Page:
Bitcoin Exchange Operator from Bulgaria Faces Extradition to the US –

RGCoins, a small-scale Bitcoin exchange service based in Bulgaria, is under an investigation. The exchange’s founder, Rossen Yossifov, is facing extradition to the US and a trial, as the firm was seen to be instrumental in helping a money-laundering group, reported Bulgarian media.

Currently, RGCoins states that its activity has been suspended indefinitely, as of January 25. It was one of the numerous small-scale exchange services that required no screening and were anonymous. Yossifov’s family claimed he had no knowledge of the criminal group and their money-laundering activities. The demand for extradition caused repercussions among Bulgarian social media, commenting on the capabilities of the US judicial system to apprehend foreign nationals. The forceful arrest, search and seizure of computers and assets were outlined in a statement posted on the RGCoin news page, reports Cryptovest. 

Yossifov has not faced extradition yet, although the latest verdict has allowed the procedure to move to the next step.

The case of RGCoins was related to the earlier arrest of Vlad Nistor, the founder and executive of the Romanian-based exchange service CoinFlux. Nistor was connected to the same group of 14 named Romanian nationals, who allegedly also used RGCoins to launder funds.

According to the Kentucky court indiction, Nistor was helping a group of 14 cybercriminals, performing phishing attacks in the US between 2014 and 2015. Later, the group also used Bitcoin to launder funds. Nistor also faced extradition to the US in December.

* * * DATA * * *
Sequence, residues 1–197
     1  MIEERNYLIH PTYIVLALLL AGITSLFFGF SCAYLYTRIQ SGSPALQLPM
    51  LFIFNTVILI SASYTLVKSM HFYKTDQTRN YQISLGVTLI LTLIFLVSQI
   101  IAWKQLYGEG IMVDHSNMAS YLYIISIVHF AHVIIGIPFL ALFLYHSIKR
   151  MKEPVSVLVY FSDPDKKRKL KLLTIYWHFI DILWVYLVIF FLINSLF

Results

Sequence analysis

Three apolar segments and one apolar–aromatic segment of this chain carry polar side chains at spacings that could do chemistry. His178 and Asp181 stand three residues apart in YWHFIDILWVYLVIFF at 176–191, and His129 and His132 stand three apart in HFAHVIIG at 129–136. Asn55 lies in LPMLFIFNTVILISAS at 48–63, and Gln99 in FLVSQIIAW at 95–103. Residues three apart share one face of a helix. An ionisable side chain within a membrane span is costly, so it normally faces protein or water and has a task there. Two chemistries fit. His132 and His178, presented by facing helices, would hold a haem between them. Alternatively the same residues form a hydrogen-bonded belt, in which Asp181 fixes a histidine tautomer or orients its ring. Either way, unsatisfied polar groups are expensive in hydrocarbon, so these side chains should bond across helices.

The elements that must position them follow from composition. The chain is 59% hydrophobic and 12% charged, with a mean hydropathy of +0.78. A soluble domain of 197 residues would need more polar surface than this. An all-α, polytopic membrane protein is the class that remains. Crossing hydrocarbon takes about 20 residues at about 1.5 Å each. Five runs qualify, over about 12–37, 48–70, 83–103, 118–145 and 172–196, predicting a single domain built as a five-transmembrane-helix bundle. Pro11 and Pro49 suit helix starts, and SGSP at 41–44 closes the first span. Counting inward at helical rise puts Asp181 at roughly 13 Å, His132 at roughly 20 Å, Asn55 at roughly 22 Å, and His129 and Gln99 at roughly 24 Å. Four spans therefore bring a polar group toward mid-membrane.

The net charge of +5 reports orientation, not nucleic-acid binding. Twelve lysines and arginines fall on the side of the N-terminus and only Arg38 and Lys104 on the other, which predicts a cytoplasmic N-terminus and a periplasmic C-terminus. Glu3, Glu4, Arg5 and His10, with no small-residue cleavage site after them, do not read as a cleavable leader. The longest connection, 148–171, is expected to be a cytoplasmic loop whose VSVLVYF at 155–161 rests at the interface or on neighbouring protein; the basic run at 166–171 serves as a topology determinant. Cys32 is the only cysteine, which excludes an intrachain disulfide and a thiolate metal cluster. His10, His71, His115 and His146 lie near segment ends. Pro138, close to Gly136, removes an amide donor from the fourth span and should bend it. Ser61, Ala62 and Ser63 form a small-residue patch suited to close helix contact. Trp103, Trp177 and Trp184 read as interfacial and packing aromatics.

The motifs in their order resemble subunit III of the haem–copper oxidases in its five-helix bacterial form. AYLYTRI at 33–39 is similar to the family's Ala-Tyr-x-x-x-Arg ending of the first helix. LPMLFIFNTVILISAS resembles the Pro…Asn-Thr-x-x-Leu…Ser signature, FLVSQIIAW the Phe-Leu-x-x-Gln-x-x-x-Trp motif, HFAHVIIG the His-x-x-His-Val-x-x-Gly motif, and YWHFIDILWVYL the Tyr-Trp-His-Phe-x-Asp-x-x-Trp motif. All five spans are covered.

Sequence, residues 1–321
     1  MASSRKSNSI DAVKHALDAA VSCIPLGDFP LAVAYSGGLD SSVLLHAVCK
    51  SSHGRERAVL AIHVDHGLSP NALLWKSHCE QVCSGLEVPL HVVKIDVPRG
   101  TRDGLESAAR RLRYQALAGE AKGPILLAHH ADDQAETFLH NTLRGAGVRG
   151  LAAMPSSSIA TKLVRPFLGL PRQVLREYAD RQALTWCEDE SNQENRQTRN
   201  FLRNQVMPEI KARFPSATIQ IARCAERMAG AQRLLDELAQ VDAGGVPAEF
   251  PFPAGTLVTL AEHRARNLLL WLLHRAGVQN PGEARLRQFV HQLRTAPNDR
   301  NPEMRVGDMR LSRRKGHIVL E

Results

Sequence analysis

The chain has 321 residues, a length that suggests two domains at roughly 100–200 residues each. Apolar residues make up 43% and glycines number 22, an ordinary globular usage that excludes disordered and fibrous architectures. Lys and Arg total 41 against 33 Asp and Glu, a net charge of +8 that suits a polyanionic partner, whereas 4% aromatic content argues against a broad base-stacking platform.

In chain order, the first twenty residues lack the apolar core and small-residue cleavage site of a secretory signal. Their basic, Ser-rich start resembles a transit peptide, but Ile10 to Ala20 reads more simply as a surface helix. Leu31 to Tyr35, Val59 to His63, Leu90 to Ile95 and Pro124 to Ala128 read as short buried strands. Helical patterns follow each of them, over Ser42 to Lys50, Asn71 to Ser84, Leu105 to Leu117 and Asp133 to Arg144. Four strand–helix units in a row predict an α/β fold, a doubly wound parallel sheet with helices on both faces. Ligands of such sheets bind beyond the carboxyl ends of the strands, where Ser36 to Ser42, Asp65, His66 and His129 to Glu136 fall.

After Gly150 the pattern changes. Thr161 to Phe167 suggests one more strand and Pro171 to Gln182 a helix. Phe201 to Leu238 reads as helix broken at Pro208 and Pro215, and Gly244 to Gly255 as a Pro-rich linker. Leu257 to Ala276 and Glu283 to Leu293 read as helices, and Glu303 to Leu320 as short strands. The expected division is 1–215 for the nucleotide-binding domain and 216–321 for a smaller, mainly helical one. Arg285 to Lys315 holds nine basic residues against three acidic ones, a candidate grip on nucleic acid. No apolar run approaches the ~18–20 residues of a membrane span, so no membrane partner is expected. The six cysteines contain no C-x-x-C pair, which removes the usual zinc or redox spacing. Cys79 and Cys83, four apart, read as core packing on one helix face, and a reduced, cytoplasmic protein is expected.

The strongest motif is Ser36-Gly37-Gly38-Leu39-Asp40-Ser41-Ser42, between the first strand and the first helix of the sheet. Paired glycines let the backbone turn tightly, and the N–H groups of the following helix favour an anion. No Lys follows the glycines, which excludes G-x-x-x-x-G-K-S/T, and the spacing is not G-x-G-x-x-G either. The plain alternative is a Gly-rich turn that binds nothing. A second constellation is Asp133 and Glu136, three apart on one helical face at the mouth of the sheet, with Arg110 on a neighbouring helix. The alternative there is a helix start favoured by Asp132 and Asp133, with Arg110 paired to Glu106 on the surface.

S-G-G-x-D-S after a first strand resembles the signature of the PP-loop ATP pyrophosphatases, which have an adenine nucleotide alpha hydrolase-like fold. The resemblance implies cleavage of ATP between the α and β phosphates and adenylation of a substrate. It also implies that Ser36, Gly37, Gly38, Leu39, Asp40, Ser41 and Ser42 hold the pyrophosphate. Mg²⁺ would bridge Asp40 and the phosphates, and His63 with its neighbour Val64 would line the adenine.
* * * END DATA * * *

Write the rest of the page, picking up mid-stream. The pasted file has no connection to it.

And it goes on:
The accusations against Yossifov are based on the fact that one of the Romanians related to Nistor also used RGCoins to launder some of the illegally acquired funds. According to Bulgarian media, Yossifov may face up to 20 years in prison for financial crimes and money laundering. However, the firm denies knowing explicitly the aim of the transaction by the Romanian client, stating that an order of Bitcoin was exchanged just like for multiple regional or international clients. RGCoins has a limitation of 5 BTC for anonymous orders, and anything above that amount is exchanged through an additional email appointment.

The issue puts a big question mark on centralized exchange services. There are multiple exchanges that have worked without a customer screening process in the early years of Bitcoin and digital currencies, and it is difficult to estimate which small-scale exchanges were used for money laundering. So far, the US has not targeted foreign nationals for Bitcoin-related financial crimes.

Owning and moving Bitcoin (BTC) is still completely anonymous, borderless and no one’s funds can be seized without access to private keys. However, exchanges are capable of monitoring users and freezing funds, and may also cooperate with law enforcement. But the outreach of US authorities also shows that Bitcoin usage is still seen as potentially criminal.

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